Common Estate Planning Mistakes
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What are the Most Common Estate Planning Mistakes People Make?
Estate planning is plays an essential role for the future of yourself and your loved ones. While it is important to have a good estate plan in place, it’s also very important to make sure that it’s done correctly. Mistakes in your estate plan can be costly in the long run, and can even lead to legal problems in some cases.
Being aware of these mistakes can help you take the proper steps to avoid them, so here’s a list of some of the most common estate planning mistakes:
Not having an Estate Plan in place
Though this may seem basic, a lot of people don’t create an estate plan, usually because they think it’s not important. However, it IS very important to create a solid estate plan, which should cover the entirety of all your belongings and assets. That way, your estate will be handled the way you really want it to, and in a way that follows the laws in your area. An estate plan is beneficial even if you have a relatively small estate.
Failing to update your will
Your will is the main document for your estate plan. It should cover precisely which persons will receive each specific item or funds upon your death. Your wishes regarding the distribution of your assets are likely to change several times throughout your lifetime. Thus, you need to have a valid, updated will ready- if you note any changes, you should update your will as soon as you can.
Not accounting for disability
Estate planning involves preparing for the future, whether it involves death or disability. Oftentimes, a seriously debilitating condition can leave a person incapacitated and unable to act on their estate. Thus, your estate plan should include instructions for what to do in the event you become incapacitated. You will want to appoint an agent or a power of attorney to handle decision-making on your behalf if necessary.
Not understanding tax consequences
Another common estate planning mistake is not understanding all the different tax consequences involved in the process. This is to be expected, since the average person isn’t an expert on taxes.
For example, placing your child’s name on the deed to your home might seem like a safe and generous thing to do. However, in the future it may leave your child with a very large gift according to law, which will result in hefty taxes that your child will have to pay. A better alternative would be to have the title pass to your child through inheritance laws rather than gift laws. It’s the subtle distinctions like these that make it necessary to work with a lawyer during estate planning.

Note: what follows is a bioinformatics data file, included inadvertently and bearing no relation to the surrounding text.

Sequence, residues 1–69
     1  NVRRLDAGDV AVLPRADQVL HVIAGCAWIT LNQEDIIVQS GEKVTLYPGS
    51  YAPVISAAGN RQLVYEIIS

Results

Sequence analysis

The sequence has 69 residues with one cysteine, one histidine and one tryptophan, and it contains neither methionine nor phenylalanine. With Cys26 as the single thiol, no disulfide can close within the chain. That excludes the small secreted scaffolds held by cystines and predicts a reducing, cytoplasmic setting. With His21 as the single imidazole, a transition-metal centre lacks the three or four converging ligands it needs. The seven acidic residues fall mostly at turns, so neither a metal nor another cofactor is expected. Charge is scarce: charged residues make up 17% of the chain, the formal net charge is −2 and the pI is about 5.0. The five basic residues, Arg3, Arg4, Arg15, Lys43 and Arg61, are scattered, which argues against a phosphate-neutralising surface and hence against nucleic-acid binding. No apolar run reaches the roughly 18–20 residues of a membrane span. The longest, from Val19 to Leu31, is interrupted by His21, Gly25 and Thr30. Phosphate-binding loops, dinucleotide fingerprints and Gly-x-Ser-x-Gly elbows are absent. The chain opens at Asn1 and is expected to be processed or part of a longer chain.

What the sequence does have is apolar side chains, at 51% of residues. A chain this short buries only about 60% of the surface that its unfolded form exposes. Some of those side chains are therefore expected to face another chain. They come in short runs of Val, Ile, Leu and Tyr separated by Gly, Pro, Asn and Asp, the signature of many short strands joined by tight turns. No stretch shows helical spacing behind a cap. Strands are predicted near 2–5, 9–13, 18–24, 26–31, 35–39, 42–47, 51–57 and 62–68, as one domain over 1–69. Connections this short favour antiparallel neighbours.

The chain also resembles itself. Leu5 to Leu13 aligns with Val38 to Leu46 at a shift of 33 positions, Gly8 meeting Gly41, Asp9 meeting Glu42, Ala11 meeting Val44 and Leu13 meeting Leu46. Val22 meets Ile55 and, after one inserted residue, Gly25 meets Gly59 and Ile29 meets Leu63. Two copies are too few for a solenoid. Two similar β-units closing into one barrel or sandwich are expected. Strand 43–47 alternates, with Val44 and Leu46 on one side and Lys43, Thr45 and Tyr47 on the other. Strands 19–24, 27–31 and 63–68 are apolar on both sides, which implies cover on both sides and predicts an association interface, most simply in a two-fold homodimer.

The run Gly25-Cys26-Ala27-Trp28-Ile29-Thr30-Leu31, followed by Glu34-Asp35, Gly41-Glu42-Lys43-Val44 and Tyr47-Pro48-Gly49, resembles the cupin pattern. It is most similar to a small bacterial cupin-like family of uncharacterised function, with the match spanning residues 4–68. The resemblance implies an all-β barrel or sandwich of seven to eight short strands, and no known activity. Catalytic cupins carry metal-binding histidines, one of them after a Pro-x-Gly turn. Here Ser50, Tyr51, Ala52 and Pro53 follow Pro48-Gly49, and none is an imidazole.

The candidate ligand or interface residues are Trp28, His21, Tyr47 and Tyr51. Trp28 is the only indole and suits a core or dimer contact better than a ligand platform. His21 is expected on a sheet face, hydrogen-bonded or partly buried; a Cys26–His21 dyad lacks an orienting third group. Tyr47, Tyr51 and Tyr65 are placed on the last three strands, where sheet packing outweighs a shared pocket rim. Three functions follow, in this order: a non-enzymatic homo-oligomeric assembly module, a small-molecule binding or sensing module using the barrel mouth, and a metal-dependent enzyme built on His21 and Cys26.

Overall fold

Choosing the wrong executor
The executor is the person you appoint to handle your estate matters upon your death or in the event of disability. You will want to choose carefully when selecting an executor; they should be someone you can trust, and who is familiar with your estate.
Most importantly, your executor should have good knowledge of your intentions when it comes to your estate. There are state laws covering who you can and can’t appoint as your estate executor. Picking the wrong person will make it more difficult to execute your estate plan under local and state laws.
Not working with a lawyer and other professionals
Estate planning is a major undertaking- you shouldn’t attempt to handle it all by yourself. You’re going to need the guidance of professionals, like a lawyer, accountant, and possibly others. While it may seem like a huge task, remember that in the long run you will save yourself and your loved ones much confusion by avoiding estate planning mistakes.
How Can a Lawyer Help me Avoid Common Estate Planning Mistakes?
A qualified estate planning lawyer will be able to help you draft and review the documents for your estate plan. They can provide valuable advice on matters such as property distribution, appointing an executor, and reducing tax consequences. Your lawyer can also represent you in court in the event that you encounter a dispute over your estate.
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Last Modified: 03-15-2012 11:54 AM PDT
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